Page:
I think I can see it; it’s clear. We’re heading for our self-destruction.
I’m not going to be able to offer any clear thesis here. To write about the world, to pinpoint exactly which direction it’s going like a soothsayer or a good science fiction writer, would need some kind of research to parse it all together. But put aside the academic approach for a while, and just immerse yourself in the buzz of the news, and you can feel it. I can’t predict the future, but I feel that we’re heading down, not up. It troubles me enough to make me want to write something about it.
Growing up, we all knew the world wasn’t perfect. It wasn’t a utopia, but I think many of us could hope that it was heading towards one. No big world war in a while, better technologies were developing, everyone was getting more well-informed, the macroeconomy was rising. And the Internet! What a beautiful thing.
But maybe even the hope of utopia too much. The world seems to be descending in either of two ways: increasing repression, or unbridled chaos.
It wasn’t always so problematic to me. Post-Cold War, democracy seemed to be the way to go. Francis Fukuyama said so. I think many of us believed it. We thank God we are allowed to use all our favourite websites while we pity China, and North Korea. Poor, deprived people.
But how free are we, actually? Is our freedom an illusion? Maybe our communications are unfettered so the authorities can monitor it and thus hold power by the information they have over us. It might be that way, even in the Land of the Free, where an ex-FBI counterterrorism agent alleges that all US communications are monitored, just like a police state. And in democracies, even the more authoritarian ones like Singapore, we believe that the people ultimately hold the power through voting slips. “Wait for the General Elections in 2016”, say those opposed to the PAP whenever they criticise what’s going on now. But just across the Causeway in Malaysia, ballots are getting stuffed way too absurdly. At some point, we might just become exploited workers like Marx predicted, and there would be nothing we could do about it.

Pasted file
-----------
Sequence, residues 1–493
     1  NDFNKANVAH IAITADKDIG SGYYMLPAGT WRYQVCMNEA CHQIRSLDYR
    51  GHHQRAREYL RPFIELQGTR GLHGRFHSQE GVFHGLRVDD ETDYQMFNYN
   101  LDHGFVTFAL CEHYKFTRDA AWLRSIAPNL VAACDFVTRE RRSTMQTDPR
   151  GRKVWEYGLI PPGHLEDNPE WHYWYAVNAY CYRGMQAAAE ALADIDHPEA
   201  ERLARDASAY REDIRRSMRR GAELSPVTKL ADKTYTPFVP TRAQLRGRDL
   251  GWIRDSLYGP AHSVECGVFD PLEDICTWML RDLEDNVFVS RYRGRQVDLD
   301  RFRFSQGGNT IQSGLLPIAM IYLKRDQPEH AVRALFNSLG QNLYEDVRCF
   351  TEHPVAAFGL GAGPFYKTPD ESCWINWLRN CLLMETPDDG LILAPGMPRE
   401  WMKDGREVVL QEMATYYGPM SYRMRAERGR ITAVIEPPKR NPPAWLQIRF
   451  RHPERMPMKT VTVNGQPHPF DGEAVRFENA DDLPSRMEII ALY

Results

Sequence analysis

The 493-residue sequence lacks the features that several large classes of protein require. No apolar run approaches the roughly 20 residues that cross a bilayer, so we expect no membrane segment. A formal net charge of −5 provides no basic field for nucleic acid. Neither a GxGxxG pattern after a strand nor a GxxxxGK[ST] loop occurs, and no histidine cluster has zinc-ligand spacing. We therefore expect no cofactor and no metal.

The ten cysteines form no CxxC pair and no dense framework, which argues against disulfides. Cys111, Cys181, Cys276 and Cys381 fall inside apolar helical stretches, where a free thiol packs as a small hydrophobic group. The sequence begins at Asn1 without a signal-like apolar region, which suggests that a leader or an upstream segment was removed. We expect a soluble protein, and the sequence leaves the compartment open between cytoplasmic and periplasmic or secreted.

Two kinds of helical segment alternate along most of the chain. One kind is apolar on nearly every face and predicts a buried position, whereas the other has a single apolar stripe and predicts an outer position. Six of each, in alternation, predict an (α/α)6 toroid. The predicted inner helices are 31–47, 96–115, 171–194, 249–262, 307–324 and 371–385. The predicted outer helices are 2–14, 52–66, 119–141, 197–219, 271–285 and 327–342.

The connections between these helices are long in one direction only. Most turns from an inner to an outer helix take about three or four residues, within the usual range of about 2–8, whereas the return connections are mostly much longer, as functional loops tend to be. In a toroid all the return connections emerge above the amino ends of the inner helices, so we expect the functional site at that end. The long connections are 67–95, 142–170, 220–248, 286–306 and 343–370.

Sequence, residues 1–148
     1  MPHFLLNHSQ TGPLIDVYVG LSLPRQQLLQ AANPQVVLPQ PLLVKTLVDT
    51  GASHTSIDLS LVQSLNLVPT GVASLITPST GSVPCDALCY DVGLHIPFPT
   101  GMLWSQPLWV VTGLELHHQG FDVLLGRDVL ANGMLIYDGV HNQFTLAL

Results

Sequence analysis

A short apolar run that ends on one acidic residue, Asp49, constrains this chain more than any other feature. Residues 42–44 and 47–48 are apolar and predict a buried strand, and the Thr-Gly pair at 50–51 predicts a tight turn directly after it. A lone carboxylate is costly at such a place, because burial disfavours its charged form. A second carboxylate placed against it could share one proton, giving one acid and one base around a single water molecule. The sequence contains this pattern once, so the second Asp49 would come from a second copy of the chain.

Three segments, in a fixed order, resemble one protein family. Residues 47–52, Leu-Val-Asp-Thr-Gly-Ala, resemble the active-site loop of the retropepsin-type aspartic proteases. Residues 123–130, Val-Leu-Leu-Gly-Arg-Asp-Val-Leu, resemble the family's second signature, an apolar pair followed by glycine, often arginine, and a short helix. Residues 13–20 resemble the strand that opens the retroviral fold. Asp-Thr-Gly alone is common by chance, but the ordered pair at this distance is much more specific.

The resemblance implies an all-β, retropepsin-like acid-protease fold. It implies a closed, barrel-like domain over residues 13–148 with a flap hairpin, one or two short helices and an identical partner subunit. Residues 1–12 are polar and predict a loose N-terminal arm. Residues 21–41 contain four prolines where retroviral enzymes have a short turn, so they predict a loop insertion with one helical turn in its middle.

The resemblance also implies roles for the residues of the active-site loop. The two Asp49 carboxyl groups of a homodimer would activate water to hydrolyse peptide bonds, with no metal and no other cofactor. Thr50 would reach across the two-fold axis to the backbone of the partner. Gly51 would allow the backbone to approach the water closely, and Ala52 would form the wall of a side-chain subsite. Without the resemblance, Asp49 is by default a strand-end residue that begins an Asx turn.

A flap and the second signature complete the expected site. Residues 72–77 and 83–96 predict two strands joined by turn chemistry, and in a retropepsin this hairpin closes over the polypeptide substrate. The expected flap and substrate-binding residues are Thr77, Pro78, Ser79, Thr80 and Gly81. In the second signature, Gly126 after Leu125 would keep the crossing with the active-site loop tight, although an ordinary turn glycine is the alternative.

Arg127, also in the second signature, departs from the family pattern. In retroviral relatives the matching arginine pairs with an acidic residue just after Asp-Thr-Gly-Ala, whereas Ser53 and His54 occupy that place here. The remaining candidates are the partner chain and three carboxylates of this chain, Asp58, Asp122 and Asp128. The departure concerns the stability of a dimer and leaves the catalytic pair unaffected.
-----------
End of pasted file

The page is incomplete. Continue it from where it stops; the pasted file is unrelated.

Yet, it doesn’t appear that reducing the government’s power to increase the people’s may be a Pareto improvement. What if everyone had the chance to own a gun, regardless of laws? We might be reaching the stage where we could print one ourselves. Anyone could have one; all sorts of people – good people, bad people, crazy, people, stupid people. More people will get the chance to understand the feeling of getting shot. My knee-jerk reaction would be that something like this should be restricted and controlled by the government. And open up any news feed about what’s going on in developing third world countries and count the number of times you read about people getting killed in bomb blasts or getting raped on buses. I’m pretty sure I read a couple in the past week alone. What would be the solution? A stronger government, with a strong police force? But I think I was arguing against that in the previous paragraph…
I don’t see clearly which political model is ideal for something as broken as human society. I think human intelligence and nature doomed us from the very get-go; we were evolved/created to have flashes of brilliance but to ultimately destroy ourselves. Maybe we’re just following the life cycle of a bacteria colony, but on larger scales of space and time. But that’s something to mull over for a subsequent post.